One can, perhaps, state that "negative mass is not statistically inconsistent with the measurement" or maybe even say "negative mass cannot be ruled out by the measurement", but these statements cannot be interpreted as implying that anyone thinks the apple actually has negative mass!

There are other examples of non-credible confidence intervals that are quite striking. Here's one I found on the web (description lightly modified):

Let's say we want to estimate a parameter x. Let's ignore all the available measurements entirely! In their place, start by using a random number generator to generate y uniformly in [0,1]. If y > 0.68, then define the confidence interval to be the empty interval. If y < 0.68, then define the confidence interval to be the whole number line. That's it! Again, this routine trivially generates a 68% CI - that is, exactly 68% of the time, the CI contains x whatever value this takes. But neither of the two possible intervals that the algorithm generates is credible at the 68% level - it should be clear that one of the possible intervals contains x (and the other does not) with certainty, even without knowing what x is.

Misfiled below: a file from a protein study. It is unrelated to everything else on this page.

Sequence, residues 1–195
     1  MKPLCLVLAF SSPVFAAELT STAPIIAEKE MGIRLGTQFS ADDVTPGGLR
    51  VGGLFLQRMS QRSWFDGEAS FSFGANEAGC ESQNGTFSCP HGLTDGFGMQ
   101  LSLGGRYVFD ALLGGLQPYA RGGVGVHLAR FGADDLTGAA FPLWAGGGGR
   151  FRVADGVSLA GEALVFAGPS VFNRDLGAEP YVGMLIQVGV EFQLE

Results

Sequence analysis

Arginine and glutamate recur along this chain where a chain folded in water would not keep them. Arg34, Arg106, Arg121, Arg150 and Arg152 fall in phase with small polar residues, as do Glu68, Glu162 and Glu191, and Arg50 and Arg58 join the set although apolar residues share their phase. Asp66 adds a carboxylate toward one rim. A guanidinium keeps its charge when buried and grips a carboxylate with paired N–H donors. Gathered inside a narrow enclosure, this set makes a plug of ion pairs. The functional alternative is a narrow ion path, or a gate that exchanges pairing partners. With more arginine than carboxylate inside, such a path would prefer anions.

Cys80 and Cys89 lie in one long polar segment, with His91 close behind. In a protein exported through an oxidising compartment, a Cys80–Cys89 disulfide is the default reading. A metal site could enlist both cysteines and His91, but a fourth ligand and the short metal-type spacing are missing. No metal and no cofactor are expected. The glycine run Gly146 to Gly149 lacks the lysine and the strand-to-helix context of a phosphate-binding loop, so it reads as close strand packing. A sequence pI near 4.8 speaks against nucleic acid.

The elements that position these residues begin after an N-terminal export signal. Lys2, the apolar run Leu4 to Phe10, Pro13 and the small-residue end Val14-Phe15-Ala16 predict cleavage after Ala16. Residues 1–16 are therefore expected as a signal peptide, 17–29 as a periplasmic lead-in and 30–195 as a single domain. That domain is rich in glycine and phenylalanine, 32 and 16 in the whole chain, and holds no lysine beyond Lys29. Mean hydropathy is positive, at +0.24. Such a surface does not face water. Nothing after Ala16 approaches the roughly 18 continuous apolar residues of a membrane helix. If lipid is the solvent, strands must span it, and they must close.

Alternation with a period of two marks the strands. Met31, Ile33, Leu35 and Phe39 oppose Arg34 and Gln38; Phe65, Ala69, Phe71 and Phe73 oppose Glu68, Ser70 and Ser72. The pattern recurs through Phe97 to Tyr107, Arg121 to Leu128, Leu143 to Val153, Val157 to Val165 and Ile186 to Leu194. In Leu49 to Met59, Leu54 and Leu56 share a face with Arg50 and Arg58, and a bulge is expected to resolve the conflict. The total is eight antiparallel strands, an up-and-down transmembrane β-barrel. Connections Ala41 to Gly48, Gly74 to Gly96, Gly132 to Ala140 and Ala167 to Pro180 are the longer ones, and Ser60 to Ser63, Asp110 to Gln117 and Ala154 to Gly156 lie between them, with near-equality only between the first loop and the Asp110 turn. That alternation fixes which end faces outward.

In the next part, I'll try to reconcile these results with the underlying theory.

For the first, rather natural example, let's assume we are trying to measure some simple non-negative quantity such as the mass of an apple. We have a set of scales which have a random (but well-characterised) error of +-50g (Gaussian at 1 standard deviation). That is, if we take a calibrated mass of value X, repeatedly use the scales and plot a histogram of the results of each measurements, the outputs will form a nice gaussian shape with mean X and standard deviation 50g. [OK, I know I'm doing this at a very boring pace, but I need to make sure it is all clearly set out.]

One obvious and very natural way to create a confidence interval for the apple's mass is to take a single measurement (call the observed mass m) and then write down (m-50,m+50), which is a symmetric 68% confidence interval for M, the true mass. That is to say, if we were to hypothetically repeat this experiment numerous times, and construct the set of confidence intervals (m